What is Ginjo sake?

Ginjo (noun)

[Ginjō]
Japanese characters: 吟醸 (吟: 1. to sing or create song or poem; 2. to scrutinize carefully; 醸: brew)

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1. Well-polished

Ginjo refers to sake that is made from rice at a polishing ratio below 60% (i.e. more than 40% of the rice grain has been milled away) and brewed over an extended period of time at low temperature. This leads to the fruity and/or floral esters often associated with the style. Aside from the rice polishing ratio, there is no other strict requirement to qualify as ginjo-grade sake. That freedom has resulted in a fair bit of diversity, particularly in recent years.

2. Premium Pricing

Ginjo-grade sake is generally considered a high-quality brew, but the premium prices it commands are due in part to the greater amount of ingredients required to make it. Naturally, the more the rice is polished down, the larger the amount of rice needed to produce a bottle of sake.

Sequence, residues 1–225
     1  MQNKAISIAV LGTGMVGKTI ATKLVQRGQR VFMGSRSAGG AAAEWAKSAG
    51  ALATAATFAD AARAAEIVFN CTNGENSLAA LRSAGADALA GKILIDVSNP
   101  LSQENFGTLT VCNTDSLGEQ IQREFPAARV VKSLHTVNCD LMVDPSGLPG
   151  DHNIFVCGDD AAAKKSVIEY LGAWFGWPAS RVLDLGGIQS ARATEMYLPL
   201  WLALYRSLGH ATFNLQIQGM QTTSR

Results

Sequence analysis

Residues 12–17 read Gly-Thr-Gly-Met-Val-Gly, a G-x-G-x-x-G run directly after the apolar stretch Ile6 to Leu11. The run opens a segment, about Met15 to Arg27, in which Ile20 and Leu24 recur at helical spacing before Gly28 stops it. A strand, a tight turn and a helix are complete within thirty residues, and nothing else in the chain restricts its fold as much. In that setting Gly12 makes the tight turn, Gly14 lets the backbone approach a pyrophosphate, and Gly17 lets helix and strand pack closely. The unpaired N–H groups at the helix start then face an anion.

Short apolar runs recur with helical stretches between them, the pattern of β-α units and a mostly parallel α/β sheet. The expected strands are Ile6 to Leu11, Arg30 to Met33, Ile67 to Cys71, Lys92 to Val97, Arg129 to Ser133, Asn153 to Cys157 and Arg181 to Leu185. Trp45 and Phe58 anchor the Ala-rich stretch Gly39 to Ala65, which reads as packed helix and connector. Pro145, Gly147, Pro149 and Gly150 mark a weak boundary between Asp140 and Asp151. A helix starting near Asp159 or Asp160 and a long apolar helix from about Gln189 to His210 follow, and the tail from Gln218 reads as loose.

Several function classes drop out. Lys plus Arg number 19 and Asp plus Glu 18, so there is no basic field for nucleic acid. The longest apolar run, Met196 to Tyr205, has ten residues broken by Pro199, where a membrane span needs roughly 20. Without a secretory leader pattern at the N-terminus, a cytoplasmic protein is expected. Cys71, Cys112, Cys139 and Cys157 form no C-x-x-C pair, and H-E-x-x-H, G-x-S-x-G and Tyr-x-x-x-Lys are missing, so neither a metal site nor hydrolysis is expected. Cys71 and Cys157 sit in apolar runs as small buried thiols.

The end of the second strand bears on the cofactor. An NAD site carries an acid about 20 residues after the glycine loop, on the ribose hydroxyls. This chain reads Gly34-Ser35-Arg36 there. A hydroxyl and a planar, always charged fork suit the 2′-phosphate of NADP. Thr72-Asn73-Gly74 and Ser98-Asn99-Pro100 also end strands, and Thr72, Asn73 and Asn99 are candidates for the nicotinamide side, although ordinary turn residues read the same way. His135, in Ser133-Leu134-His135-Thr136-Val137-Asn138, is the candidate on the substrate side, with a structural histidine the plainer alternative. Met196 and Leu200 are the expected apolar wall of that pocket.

3. A Short History

Ginjo-style sake has a fairly short history, with ginjo-like aromas first being noted in the early 1930s. The style first attained consumer awareness and market share in 1975 following the official labeling classification enacted by the Japan Sake & Shochu Makers Association.

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